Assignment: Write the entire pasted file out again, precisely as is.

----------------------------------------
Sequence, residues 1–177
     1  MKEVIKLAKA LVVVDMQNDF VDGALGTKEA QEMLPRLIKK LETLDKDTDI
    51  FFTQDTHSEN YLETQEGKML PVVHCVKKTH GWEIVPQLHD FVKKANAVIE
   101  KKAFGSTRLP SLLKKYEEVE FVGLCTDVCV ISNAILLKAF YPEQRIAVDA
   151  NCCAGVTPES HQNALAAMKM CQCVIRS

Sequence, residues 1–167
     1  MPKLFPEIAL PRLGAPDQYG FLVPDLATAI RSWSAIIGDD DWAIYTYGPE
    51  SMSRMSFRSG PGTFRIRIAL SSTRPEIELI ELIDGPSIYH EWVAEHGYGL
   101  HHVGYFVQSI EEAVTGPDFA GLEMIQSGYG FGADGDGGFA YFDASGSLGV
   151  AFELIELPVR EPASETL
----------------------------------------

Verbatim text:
Sequence, residues 1–177
     1  MKEVIKLAKA LVVVDMQNDF VDGALGTKEA QEMLPRLIKK LETLDKDTDI
    51  FFTQDTHSEN YLETQEGKML PVVHCVKKTH GWEIVPQLHD FVKKANAVIE
   101  KKAFGSTRLP SLLKKYEEVE FVGLCTDVCV ISNAILLKAF YPEQRIAVDA
   151  NCCAGVTPES HQNALAAMKM CQCVIRS

Sequence, residues 1–167
     1  MPKLFPEIAL PRLGAPDQYG FLVPDLATAI RSWSAIIGDD DWAIYTYGPE
    51  SMSRMSFRSG PGTFRIRIAL SSTRPEIELI ELIDGPSIYH EWVAEHGYGL
   101  HHVGYFVQSI EEAVTGPDFA GLEMIQSGYG FGADGDGGFA YFDASGSLGV
   151  AFELIELPVR EPASETL